Physicians who are anticipating another postponement of ICD-10 are at odds with some of the nation's largest healthcare organizations. These industry professionals do not want to see another delay in the coding switch and have voiced their opinions to the government.
Impact of postponement
ICD-10, the medical coding system set to replace ICD-9, was initially scheduled to be implemented in 2011. There have been four delays in the U.S. transition date, the most recent of which set Oct. 1, 2015, as the final deadline.
Many small healthcare providers have struggled to make the necessary preparations for the switch, and this was one of the reasons the U.S. Department of Health and Human Services (HHS) issued the postponement. However, many industry experts believe that continuing to use ICD-9 is hurting both providers and patients.
Many developed nations, including China, Canada, France and Germany, have been using ICD-10 for years. Because the U.S. is using an outdated coding system, it makes information exchange with other countries difficult and time-consuming.
The American Health Information Management Association (AHIMA) also noted that ICD-10 has potential to track diseases and health trends across the country better than ICD-9. The increased specificity of the coding system will help healthcare agencies to collect more accurate data, which can be used to prevent and treat diseases.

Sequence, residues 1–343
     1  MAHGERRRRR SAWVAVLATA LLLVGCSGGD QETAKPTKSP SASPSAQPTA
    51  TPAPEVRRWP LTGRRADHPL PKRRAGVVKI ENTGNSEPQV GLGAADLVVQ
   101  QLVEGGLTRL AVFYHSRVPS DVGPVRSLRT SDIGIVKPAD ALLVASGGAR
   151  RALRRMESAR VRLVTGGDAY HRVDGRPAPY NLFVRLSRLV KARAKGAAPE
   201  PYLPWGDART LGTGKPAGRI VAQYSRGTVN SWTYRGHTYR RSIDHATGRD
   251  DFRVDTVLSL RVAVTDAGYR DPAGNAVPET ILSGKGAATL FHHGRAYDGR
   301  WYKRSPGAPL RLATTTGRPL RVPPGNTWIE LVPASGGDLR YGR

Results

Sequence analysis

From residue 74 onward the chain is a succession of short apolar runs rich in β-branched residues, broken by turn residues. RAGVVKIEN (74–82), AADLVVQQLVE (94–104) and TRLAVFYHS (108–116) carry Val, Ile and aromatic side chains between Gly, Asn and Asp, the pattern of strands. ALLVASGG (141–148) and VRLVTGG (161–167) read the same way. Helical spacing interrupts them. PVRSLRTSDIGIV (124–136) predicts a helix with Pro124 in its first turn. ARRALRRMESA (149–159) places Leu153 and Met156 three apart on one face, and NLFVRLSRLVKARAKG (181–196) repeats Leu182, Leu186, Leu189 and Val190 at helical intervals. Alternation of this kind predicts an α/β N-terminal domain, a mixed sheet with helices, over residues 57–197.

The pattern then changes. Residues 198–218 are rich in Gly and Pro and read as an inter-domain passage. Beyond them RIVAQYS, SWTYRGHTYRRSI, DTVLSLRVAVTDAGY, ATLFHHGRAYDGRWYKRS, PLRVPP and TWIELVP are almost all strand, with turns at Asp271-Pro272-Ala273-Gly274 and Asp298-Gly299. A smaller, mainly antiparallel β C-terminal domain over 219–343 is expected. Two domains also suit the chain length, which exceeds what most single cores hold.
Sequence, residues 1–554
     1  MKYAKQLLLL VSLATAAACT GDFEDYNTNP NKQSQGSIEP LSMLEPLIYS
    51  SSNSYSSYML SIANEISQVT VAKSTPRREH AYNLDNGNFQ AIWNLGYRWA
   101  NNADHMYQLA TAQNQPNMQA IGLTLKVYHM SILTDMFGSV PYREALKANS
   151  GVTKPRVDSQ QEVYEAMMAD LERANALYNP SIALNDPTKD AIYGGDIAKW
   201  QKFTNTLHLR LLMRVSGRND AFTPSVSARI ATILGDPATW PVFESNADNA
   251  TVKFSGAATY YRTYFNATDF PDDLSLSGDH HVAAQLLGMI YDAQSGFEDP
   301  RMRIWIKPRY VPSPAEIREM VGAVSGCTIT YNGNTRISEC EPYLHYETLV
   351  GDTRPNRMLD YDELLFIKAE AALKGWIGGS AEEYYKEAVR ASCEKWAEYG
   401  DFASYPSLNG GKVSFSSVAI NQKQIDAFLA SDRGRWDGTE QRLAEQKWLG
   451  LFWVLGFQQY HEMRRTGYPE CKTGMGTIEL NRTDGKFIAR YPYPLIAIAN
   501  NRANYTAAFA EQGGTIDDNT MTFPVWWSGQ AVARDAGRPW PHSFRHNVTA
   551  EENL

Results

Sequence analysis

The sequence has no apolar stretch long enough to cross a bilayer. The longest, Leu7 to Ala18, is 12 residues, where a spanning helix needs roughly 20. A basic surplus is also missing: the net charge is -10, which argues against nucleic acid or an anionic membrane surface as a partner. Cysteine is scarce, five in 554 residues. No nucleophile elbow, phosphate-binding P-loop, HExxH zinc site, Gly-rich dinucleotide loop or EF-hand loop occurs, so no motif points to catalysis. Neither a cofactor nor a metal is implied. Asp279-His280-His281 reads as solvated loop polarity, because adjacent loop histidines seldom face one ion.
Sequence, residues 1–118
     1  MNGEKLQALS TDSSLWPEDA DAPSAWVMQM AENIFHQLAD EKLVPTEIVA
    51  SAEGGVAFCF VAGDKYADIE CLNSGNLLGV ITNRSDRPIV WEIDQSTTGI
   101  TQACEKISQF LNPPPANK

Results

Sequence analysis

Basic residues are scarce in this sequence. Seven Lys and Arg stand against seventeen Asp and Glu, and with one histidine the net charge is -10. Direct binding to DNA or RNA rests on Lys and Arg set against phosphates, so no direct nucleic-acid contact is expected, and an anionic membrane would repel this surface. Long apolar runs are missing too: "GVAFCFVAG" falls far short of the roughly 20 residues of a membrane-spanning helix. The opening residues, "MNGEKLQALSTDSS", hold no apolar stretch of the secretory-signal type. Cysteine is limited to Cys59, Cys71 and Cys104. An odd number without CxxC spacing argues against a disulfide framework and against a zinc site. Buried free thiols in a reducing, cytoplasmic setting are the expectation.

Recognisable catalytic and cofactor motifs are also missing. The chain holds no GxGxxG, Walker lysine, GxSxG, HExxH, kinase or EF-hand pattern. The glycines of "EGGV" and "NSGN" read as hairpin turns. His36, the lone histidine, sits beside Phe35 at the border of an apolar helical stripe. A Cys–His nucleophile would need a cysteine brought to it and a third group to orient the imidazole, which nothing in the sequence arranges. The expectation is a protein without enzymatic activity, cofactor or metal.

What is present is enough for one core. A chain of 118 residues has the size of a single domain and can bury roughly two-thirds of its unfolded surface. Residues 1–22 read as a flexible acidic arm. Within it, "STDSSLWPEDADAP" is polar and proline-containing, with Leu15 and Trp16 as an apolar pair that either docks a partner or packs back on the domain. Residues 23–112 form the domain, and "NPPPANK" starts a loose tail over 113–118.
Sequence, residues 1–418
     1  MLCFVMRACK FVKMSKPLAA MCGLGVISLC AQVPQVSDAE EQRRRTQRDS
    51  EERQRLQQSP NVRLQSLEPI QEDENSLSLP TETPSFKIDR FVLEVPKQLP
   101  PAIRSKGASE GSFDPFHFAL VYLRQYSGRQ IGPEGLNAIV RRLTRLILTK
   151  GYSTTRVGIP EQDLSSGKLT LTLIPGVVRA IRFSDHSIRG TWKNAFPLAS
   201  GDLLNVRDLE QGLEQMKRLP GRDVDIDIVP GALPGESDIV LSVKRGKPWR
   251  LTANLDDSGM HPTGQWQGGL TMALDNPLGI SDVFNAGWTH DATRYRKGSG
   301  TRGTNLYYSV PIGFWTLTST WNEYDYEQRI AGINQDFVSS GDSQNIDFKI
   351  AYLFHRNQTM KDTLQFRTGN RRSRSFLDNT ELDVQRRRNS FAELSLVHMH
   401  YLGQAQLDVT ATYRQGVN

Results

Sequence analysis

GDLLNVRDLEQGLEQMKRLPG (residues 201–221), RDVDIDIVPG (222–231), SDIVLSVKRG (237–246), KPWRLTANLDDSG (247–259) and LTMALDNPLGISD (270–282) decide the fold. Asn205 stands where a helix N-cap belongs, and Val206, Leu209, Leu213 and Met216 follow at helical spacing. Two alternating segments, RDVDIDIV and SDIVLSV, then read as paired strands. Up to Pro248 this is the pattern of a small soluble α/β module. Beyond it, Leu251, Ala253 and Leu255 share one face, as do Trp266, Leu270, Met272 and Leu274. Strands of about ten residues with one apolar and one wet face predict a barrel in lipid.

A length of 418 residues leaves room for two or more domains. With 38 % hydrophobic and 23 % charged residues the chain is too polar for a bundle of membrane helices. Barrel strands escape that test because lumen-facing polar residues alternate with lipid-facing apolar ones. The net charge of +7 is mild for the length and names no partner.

Organizations oppose further delays
A number of large healthcare organizations, including the AHIMA, College of Healthcare Information Management Executives and America's Health Insurance Plans, are concerned that Congress will issue yet another ICD-10 postponement. These groups - 15 in total - have banded together to form the Coalition for ICD-10 and recently released a letter to the government making the case that 2015 should be the final implementation date.
The letter, which addresses a number of House and Senate leaders, noted that the previous delays have been disruptive to the workflow of healthcare providers and have caused unnecessary expenses to many organizations.
"Nearly three-quarters of the hospitals and health systems surveyed just before the current delay were confident in their ability to successfully implement ICD-10," the organizations wrote in the letter. "Retraining personnel and reconfiguring systems multiple times in anticipation of the implementation of ICD-10 is unnecessarily driving up the cost of healthcare."
The organizations argue that the benefits of the switch will outweigh the cost. However, recent surveys have shown that small healthcare providers are anticipating challenges with implementation. These practices should continue their preparation for the change, because if the Coalition gets its way, ICD-10 will go live come October.